On Saturday, the Washington Post reported that a memo written by David Cutler, a Harvard University professor, warned the Obama administration of serious flaws in the planned roll-out of the Affordable Care Act. In particular, Cutler, health adviser to the President’s 2008 campaign, emphasized that those in charge lacked the necessary experience of running a business start-up. Noting the Centers for Medicare and Medicaid Services (CMS) as key to execution of the new healthcare law, he said both personnel and the processes in place might not be 'up to the task.'
“The agency is demoralized, the best people have left, IT services are antiquated, and there are fewer employees than in 1981, despite a much larger burden,” Cutler stated in his memo sent to Larry Summers, director of the United States National Economic Council, on May 11, 2010.
“They were running the biggest start-up in the world, and they didn’t have anyone who had run a start-up, or even run a business,” Cutler told the Washington Post. In those early days of implementation, readily available information from the Bureau of Labor Statistics would suggest that over three-quarters of start-up businesses fail. Even in 2010, then, the need for experienced, knowledgeable people must have been clear.
The Washington Post suggests that the President's decision to put Nancy-Ann DeParle, director of the White House Office of Health Reform, in charge despite advice from his economic team who suggested he appoint someone with business expertise may have been a deciding factor in today's woes. Worse, in February 2011, the date at which DeParle was promoted and no longer had direct responsibility for implementation of the Affordable Care Act, the person chosen to be her successor, Jeanne Lambrew, also lacked the necessary expertise.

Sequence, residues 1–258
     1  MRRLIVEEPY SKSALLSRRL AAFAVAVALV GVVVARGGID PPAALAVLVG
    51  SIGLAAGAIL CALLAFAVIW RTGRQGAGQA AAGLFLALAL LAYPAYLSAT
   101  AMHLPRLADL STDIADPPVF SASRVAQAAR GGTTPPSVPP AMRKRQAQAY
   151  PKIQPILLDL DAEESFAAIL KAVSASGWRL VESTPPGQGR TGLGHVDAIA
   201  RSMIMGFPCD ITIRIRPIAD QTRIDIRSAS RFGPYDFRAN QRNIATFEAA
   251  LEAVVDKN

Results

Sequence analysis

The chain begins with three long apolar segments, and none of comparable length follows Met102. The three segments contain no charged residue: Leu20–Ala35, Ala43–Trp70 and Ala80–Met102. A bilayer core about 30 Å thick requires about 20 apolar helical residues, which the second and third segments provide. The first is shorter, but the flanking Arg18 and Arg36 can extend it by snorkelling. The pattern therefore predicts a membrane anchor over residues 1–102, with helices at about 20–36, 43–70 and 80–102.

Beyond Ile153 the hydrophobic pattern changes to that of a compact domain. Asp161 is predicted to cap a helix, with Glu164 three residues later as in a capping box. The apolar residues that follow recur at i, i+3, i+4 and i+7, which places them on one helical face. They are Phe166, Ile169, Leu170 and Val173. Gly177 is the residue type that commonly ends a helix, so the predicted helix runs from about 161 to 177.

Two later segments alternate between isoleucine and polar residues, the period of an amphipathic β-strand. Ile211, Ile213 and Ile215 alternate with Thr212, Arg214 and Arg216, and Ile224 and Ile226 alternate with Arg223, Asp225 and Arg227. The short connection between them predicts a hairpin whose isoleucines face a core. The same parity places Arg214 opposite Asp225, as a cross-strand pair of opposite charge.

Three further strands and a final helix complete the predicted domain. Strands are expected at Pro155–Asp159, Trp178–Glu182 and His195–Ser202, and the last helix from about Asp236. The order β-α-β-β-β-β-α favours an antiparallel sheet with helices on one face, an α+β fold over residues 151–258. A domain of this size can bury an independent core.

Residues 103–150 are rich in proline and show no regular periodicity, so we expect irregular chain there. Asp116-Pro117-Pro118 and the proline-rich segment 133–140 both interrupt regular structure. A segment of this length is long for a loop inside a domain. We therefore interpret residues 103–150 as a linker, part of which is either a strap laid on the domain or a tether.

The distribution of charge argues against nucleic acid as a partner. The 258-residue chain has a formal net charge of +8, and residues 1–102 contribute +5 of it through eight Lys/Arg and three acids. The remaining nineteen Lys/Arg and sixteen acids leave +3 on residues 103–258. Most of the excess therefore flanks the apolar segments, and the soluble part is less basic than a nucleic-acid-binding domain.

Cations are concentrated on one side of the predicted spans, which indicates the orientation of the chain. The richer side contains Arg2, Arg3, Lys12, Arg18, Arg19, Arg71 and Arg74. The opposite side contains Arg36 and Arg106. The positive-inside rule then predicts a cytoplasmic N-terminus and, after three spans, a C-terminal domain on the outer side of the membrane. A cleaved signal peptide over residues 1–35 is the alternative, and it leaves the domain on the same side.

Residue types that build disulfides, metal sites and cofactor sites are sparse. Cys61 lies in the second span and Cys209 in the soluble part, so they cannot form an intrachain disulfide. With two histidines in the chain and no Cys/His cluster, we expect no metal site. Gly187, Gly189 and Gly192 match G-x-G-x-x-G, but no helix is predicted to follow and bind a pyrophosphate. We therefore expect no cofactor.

Interestingly, DeParle began by convening twice-weekly meetings of representatives from the Centers for Disease Control and Prevention and the Internal Revenue Service, among other agencies, to pore over spreadsheets and decide complex regulatory questions. A similar though higher-level meeting that was intended to hash out regulatory questions convened monthly. At first, the Washington Post reports, Secretary of Health and Human Services Kathleen Sebelius, Treasury Secretary Timothy Geithner, Chief of Staff Rahm Emanuel, and Domestic Policy Council Director Melody Barnes regularly attended.
Shockingly, though, "by late summer and early fall of 2010, the meetings petered out after some of the participants stopped attending,” the Washington Post reports.
“I am concerned that the personnel and processes you have in place are not up to the task, and that health reform will be unsuccessful as a result,” Cutler warned in his memo. Early misplaced effort, ignorance of technology, a hostile political environment, poor coordination of accountability, and other causes appear to have prevented the Affordable Care Act from sailing straight. Subtly, the Washington Post raises a painful question in its report of missteps along the way: was anyone thinking about those who would be most affected — the uninsured?